Election 2022: Petterson, Williams look set for SDUSD runoff; plus 50th Congressional, 38th state Senate
Here are early results from the June 7 primary election in races in districts including La Jolla: the San Diego Unified School District’s District C, the 50th Congressional District and the 38th California Senate District. For other races, visit sandiegouniontribune.com or sdvote.com.
SDUSD District C
Cody Petterson was leading in early results in the primary race for the San Diego Unified School District board seat that covers the western part of the district, with Becca Williams in second place and Lily Higman in third. The top two vote-getters will advance to the Nov. 8 general election.
Petterson, a government affairs manager, had 45 percent of the votes; Williams, a curriculum company manager, had 32 percent; and Higman, a parent of three children at Pacific Beach Middle and Mission Bay High schools, had 23 percent.
Current District C trustee Michael McQuary did not run for reelection.
Three people are running for the San Diego Unified School District board to fill the District C seat being vacated by incumbent Michael McQuary.
Petterson, who has two children attending Torrey Pines Elementary School in La Jolla, said he wants to use the school board position to advocate for more state and federal funding for public schools and help schools adapt to the financial pains of declining enrollment.
Williams, who has two young children not old enough for K-12 school, said she wants the district to focus on the basics of improving students’ reading and math proficiency and has voiced concerns about how the district teaches other topics, such as ethnic studies.
Williams raised the most campaign money of the District C candidates — $67,798, including a $5,000 loan from herself, and spent $33,540.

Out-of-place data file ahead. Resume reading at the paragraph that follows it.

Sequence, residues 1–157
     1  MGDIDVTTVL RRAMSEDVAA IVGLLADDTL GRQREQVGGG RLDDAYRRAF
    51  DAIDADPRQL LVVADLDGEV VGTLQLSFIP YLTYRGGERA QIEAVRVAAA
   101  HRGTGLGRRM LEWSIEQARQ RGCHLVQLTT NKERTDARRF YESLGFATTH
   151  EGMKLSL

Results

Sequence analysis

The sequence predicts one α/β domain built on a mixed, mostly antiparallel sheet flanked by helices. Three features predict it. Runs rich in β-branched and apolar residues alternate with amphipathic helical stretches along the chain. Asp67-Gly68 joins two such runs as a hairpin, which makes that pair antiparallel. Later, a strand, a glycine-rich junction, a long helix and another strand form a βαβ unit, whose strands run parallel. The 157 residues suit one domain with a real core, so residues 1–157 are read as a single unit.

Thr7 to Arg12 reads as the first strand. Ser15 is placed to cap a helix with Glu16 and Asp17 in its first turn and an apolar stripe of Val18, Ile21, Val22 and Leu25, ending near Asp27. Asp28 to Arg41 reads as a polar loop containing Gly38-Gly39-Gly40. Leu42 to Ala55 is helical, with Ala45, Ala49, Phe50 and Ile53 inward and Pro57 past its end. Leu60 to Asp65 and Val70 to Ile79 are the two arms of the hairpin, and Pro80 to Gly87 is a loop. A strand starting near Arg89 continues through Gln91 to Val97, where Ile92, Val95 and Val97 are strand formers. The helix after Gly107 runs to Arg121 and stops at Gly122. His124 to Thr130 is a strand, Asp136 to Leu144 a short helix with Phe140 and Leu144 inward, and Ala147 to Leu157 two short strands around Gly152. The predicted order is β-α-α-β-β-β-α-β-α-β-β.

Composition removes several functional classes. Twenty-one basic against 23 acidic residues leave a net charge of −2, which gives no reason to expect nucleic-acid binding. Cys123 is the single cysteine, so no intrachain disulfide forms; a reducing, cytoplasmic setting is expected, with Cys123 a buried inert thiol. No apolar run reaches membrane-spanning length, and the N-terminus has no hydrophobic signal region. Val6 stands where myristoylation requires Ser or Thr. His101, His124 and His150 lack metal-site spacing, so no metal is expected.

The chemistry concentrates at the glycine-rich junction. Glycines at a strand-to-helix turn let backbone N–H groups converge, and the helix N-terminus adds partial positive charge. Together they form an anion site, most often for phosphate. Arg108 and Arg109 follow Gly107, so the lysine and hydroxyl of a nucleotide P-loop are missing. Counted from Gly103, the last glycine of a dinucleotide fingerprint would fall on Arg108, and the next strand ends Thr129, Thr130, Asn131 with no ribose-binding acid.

Petterson received the endorsement of the San Diego Unified teachers union, which had spent $80,500 on mailers and digital ads for him as of May 21.
50th Congressional District
Incumbent U.S. Rep. Scott Peters (D-La Jolla) had a big lead for the top spot in the primary election for the 50th Congressional District seat, while Republican Corey Gustafson was comfortably in second place, setting up a race between the two in November.
Peters had 53.5 percent of the vote in early returns and Gustafson had 30.5 percent, followed by candidates Kylie Taitano (8 percent), David Chiddick (5 percent) and Adam Schindler (3 percent).
Five candidates are on the June 7 primary ballot in the campaign for the 50th Congressional District seat that represents coastal and north inland San Diego County, including La Jolla.
The 50th Congressional District is a new district drawn by the California Citizens Redistricting Commission based on the
2020 U.S. Census. It includes much of the area in the former 52nd District, which Peters has represented since taking office in 2013.
Gustafson, a business owner and educator from Escondido, says his top domestic priorities are stopping inflation, creating jobs and reducing crime.
Peters says his top domestic priorities include investment in scientific research and military infrastructure, veterans assistance and fighting climate change and cross-border pollution.
38th state Senate District
Encinitas Mayor Catherine Blakespear and small-business owner Matt Gunderson appear headed for the November general election in a state Senate District 38 race between a Democratic progressive and an anti-tax Republican.
Gunderson and Blakespear were neck and neck with 45 percent and 43 percent of the vote, respectively. Democrat Joe Kerr had just under 11 percent. The top two vote-getters advance.
The district runs from southern Orange County south through La Jolla to Mission Beach.
The three candidates running for state Senate in the newly redrawn 38th District all list California’s supply of affordable housing for lower-income residents as one of their three top issues.
On the campaign trail, Blakespear touted her environmental record, including an Encinitas building ordinance that limits the use of natural gas in new construction, installing new barrier-protected bike lanes and supporting a utility alternative known as San Diego Community Power. She also supports efforts to address burdensome housing costs through building subsidized housing, cracking down on illegal vacation rentals and fast-tracking approval of accessory dwelling units.
Gunderson has called for building more dams to address drought, freezing fuel taxes to give drivers relief from spiking gas prices and imposing harsher penalties for crimes that include guns. He is opposed to stricter gun-control laws and Gov. Gavin Newsom’s handling of the COVID-19 pandemic. ◆
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